Being a dedicated animal lover and rescuer, I have had my share of pet death experiences. It’s just what happens when you bring an animal into your life. You’re making a commitment, not unlike when you say I do when getting married. “In sickness and in health, ’til death do us part” ain’t just for spouses, my dears. And this promise should not be taken lightly. If you cannot, in good faith, commit to this, you should not adopt an animal. #endrant
Anyways, the most ultimate sacrifice and display of love you will ever give to your pet is supplying them with “the good death.” A good death can mean many things, but in a nutshell, it means eliminating as much suffering as possible and surrounding the animal (or person) with love and care, during and after death. This post is specifically about how my family and I gave our cat Benjamin the good death, which included a stress-free euthanasia and at-home pet wake.
We came to the realization recently that our 16 year old rescue cat, Benjamin Fish, was fading and the treatments we were pursuing to treat his chronic pancreatitis, kidney disease, and horrific constipation, were not working. He was starting to suffer and that’s when we knew that it was time to plan his death.
We are lucky that our dear and wonderful vet, Anna at Countryside Vet, offers her clients home euthanasia. If your vet does not offer that service, there are plenty of providers who do. Just try googling “at-home pet euthanasia” followed by your location.
Since Benjamin’s situation had yet to become critical, we were able to schedule out his euthanasia for 8 days in the future. We spent this time cuddling our sweet boy, preparing special treats and meals, and notifying friends and family. We were also able to make a special final resting place for our boy.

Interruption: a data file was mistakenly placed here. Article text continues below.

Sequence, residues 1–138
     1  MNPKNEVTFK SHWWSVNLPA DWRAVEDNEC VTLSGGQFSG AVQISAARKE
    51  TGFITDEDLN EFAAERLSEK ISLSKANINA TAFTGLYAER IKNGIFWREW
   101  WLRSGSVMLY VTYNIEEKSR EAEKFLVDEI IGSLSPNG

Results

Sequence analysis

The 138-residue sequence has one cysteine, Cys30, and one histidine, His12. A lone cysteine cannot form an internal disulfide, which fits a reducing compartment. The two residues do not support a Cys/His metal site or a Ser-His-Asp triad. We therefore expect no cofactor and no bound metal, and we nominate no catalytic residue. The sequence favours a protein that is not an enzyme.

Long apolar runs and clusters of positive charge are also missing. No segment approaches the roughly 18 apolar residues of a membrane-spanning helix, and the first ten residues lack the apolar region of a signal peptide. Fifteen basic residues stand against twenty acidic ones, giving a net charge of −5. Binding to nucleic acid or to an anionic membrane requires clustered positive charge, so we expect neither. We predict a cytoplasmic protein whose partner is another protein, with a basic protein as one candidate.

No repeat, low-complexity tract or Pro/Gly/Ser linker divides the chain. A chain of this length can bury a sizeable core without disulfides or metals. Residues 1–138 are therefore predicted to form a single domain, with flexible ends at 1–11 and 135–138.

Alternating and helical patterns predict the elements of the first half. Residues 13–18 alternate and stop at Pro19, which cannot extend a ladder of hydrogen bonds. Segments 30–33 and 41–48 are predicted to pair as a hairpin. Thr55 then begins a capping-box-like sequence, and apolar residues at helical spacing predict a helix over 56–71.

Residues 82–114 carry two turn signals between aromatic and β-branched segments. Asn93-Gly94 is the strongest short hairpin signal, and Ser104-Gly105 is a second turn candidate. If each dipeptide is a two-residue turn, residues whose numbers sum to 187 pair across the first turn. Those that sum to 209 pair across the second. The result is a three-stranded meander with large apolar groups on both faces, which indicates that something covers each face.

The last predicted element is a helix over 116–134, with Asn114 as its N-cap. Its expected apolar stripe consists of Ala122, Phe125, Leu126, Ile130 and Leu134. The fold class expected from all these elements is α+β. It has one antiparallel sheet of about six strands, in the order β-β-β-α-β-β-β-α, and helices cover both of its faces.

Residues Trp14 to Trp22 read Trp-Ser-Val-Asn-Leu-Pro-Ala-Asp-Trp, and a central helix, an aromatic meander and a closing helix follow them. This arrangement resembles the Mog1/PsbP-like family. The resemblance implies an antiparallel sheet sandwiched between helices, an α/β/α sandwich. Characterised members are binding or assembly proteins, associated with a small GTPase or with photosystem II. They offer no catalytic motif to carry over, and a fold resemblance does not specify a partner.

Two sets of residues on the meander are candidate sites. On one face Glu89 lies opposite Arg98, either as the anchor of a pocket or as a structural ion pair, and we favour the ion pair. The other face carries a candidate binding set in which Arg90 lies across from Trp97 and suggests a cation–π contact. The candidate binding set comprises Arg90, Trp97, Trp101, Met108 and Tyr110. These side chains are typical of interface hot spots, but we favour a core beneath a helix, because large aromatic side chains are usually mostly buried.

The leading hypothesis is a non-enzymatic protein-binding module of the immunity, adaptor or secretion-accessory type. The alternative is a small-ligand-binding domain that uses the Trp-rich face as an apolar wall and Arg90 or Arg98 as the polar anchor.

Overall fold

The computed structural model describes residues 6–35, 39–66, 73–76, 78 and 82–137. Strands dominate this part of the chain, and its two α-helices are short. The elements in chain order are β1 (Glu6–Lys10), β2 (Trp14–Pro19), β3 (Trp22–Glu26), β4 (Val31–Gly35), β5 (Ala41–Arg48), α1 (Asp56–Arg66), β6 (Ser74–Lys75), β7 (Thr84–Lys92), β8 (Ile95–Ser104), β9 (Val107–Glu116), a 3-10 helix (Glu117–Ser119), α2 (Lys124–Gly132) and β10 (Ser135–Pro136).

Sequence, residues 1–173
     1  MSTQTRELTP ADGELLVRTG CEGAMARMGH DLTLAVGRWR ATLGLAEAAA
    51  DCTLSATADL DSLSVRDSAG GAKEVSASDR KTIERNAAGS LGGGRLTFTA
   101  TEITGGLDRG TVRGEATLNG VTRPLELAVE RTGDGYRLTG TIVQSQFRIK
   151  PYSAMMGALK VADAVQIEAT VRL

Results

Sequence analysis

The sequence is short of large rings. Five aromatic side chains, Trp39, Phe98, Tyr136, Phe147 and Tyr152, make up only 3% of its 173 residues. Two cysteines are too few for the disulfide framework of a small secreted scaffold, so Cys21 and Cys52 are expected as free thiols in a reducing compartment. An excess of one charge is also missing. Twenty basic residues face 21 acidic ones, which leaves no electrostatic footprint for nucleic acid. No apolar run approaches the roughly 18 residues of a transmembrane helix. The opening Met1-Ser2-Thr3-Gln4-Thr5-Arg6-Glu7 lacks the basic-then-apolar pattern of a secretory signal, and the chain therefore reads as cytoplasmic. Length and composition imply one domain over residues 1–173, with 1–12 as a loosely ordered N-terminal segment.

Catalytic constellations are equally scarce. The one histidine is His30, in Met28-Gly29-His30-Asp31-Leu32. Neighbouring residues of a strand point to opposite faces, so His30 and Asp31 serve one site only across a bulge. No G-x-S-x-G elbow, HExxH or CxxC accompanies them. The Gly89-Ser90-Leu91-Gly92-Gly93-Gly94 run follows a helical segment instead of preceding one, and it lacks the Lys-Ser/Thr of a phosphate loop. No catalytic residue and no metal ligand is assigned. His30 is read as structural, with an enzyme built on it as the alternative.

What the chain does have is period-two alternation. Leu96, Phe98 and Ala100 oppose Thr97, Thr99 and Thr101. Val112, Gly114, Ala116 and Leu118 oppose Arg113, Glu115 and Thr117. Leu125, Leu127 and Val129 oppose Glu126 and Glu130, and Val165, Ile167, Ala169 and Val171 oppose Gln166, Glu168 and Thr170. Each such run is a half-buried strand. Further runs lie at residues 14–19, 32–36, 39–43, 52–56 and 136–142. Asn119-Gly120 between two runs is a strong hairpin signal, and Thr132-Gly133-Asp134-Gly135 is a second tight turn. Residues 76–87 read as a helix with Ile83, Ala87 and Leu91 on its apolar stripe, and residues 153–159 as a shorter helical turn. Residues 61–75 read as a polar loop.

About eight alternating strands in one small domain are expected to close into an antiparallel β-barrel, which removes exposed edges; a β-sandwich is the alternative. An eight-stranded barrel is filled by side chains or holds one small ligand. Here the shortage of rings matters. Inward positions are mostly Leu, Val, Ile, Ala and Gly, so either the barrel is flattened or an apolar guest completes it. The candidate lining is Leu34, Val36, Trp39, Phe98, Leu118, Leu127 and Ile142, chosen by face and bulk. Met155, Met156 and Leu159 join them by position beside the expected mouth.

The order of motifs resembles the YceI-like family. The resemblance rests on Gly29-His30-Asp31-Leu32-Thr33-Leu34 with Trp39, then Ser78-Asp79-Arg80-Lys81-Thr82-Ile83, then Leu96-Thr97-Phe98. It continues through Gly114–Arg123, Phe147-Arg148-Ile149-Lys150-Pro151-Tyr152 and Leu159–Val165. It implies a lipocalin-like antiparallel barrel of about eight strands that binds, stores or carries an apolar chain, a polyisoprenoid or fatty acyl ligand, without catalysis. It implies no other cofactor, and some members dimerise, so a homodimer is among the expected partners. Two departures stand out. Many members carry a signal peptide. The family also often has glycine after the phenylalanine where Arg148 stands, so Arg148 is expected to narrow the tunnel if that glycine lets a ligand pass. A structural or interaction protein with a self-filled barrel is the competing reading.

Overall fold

We decided we were going to bury Benjamin in our yard, so my son and I painted a beautiful casket for him out of a simple cardboard box. Although my son isn’t even 2-1/2 yet, I was determined to include him in this process. As you can see, he got more paint on himself than on the box, but it was a special experience nonetheless.
In addition, I also sewed him a mattress out of the stuffing of an old down pillow and some muslin fabric, both of which are bio-degradable. Lastly, I dug the hole in which we would lay his casket. Luckily, I had just had the area surveyed by the utility companies, so I knew I wouldn’t run into any wires or pipes.
A Good Death
We were lucky to have supportive friends and family who took both of our dogs, as well as our son, outside of the home during the actual euthanasia procedure. We didn’t need barking dogs and a screaming little boy making the experience stressful for Benjamin.
The death process itself went smoothly and with the injection of some weirdly bright pink medicine, our boy died in my arms. Some animals can have “agonal breathing,” make odd noises, or urinate or defecate at the time of death. Thanks to Home Pet Euthanasia’s post Understanding Death and Ask the Mortician’s video Home Death & Wake For Your Pet, I felt prepared for a myriad of possibilities.
At-Home Pet Wake
Immediately after his death, Benjamin did urinate. I knew this would likely happen and had towels and a doggie pee pad ready. When we laid him in his casket, we also put him in a biodegradable baby diaper to collect any additional fluids.